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Tactical Analysis

Tactical Analysis | Manchester United 2-1 Everton : McNair shackles Lukaku, Everton sit deep and Blind orchestrates proceedings


Manchester United 2-1 Everton | The fixture list has been contrasting for the two teams as they’ve both endured disappointing starts to the campaign. On paper, United had a relatively easy start to the season but in reality it has been far from smooth sailing as they’ve tried to find their feet under Van Gaal. For Everton, playing Arsenal, Chelsea, Liverpool and United all in the first 7 games isn’t what Martinez would have wanted and their low points tally heading into the game represents just that. As it stood both sides would have fancied their chances of obtaining a result ahead of the International break.

 

Made using Tactical Pad

Made using Tactical Pad

Manchester United: De Gea; Rafael, McNair, Rojo, Shaw (Blackett 71′); Blind, Valencia (Fellaini 79′), Di Maria, Mata, Van Persie, Falcao (Wilson 73′).

Everton: Howard; Hibbert (Browning 77′), Stones, Jagielka, Baines; Besic, Barry, Naismith, Pienaar (Oviedo 64′), McGeady (Osman 77′), Lukaku.

Goals: Di Maria 27′, Falcao 62′ || Naismith 55′


United stick to their off the ball game plan and McNair shackles Lukaku

United and Van Gaal have moved on from the 3 at the back system but there are still a lot of the same aspects of their play in their diamond midfield; aspects of Van Gaal’s much talked about philosophy. Indeed most of the off the ball game plan has stayed the same. The pressing game has been all the rage in the recent past but it is only a marginal aspect of United’s game. Instead, Van Gaal prefers a combination of man marking and spatial awareness to choke the opponents. When the opposition have the ball, the overall shape of the team stays largely the same. Most of the outfield players have designated areas of the pitch and corresponding opponents that they shadow up to a point. The player combinations that I would categorize under man-marking involve the number 10 Juan Mata, deep lying midfielder Daley Blind and centre-back Paddy McNair.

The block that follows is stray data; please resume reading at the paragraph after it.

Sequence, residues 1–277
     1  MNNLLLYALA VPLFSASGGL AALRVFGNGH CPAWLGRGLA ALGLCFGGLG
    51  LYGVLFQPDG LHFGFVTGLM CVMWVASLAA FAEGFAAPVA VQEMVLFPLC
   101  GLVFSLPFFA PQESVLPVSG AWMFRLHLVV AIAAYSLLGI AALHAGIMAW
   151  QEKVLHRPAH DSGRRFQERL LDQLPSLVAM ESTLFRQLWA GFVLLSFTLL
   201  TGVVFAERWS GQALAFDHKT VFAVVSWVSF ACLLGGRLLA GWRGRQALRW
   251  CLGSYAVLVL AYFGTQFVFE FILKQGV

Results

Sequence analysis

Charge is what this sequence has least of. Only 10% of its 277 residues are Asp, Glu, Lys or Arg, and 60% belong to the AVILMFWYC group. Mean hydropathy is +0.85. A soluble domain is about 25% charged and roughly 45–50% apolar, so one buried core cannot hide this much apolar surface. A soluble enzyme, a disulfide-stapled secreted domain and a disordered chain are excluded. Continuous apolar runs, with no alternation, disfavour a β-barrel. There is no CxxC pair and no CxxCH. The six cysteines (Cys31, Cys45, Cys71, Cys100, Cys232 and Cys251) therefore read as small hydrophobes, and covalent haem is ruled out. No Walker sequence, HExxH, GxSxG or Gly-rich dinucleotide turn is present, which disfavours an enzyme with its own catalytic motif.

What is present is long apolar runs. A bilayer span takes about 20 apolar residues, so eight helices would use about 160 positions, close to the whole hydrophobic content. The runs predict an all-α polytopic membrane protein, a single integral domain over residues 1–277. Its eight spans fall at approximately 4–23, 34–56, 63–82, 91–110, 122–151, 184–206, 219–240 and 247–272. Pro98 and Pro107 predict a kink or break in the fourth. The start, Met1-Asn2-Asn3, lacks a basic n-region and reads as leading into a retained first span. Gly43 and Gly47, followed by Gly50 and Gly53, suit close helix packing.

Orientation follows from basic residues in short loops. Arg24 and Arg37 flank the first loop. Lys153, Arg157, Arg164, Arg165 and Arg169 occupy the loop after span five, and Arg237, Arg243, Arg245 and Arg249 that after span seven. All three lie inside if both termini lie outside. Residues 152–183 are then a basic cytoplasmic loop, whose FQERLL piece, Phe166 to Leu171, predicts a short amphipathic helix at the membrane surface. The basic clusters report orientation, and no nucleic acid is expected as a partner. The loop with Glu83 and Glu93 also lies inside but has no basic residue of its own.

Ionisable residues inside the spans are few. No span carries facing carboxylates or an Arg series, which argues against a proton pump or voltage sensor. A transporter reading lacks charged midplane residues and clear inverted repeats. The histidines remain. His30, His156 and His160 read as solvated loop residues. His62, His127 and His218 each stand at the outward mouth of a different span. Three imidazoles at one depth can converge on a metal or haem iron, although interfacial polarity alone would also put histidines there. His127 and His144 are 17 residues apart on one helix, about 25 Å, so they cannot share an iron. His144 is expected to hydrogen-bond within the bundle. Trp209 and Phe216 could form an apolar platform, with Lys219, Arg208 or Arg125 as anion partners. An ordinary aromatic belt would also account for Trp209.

In the absence of the suspended Wayne Rooney, Juan Mata was deployed in the number 10 role. Aside from his attacking duties, he was tasked with sticking close to the opposition midfielder that dropped deep to pick the ball up and start attacking moves. This trend continued as Mata was more often than not in the proximity of Barry (and at times Besic) when they dropped in between the centre-backs.

Mata sticking close to the deepest Everton midfielder i.e. Barry in this case

Mata sticking close to the deepest Everton midfielder i.e. Barry in this case

In central midfield, Blind kept an eye on Naismith as he patrolled the area in front of the defence and effectively shielded the defence from the Everton attacks. The battle that most caught the eye though was between McNair and Lukaku in the first half. United’s central defence looked a bit bare at the end of the transfer window and it is a problem that has been compounded by injuries to the likes of Jones, Smalling, and Evans. Van Gaal has looked to the Academy for replacements and along with Blackett, young McNair has been entrusted with first team duties and has responded fantastically. After an impressive debut against West Ham, McNair was tasked with shadowing Lukaku. The defender not only held his own against the Belgian, he got the better of the latter. McNair followed Lukaku into wide areas and up-field playing an important role in ensuring the lack of Evertonian attacking threat in the first half. Everton sat deep throughout the first half and McNair keeping Lukaku quiet meant that the Merseyside club struggled to find an outlet and build attacks.

McNair tasked with marking Lukaku

McNair tasked with marking Lukaku

Everton sit deep in the first half and give Blind too much freedom

In Everton’s last outing against Liverpool, Lukaku was played in a wider role while Naismith played more centrally. Lukaku failed to effect proceedings and as expected Martinez opted for what seemed to be a 4-2-3-1 with Lukaku the main striker and Naismith the number 10 in behind him. One must also bear in mind the absence of McCarthy, an important cog in the Everton midfield which meant that a change of shape was on the cards. However, it soon became apparent that Naismith had a much deeper role. When United had the ball, Everton quickly transitioned to a 5 man midfield sitting deep in their own half with sporadic pressing from the likes of Pienaar. Naismith slotted into a 3 man central midfield and the emphasis was on staying compact and difficult to break down.

Everton transitioned to a 5 man midfield when United had the ball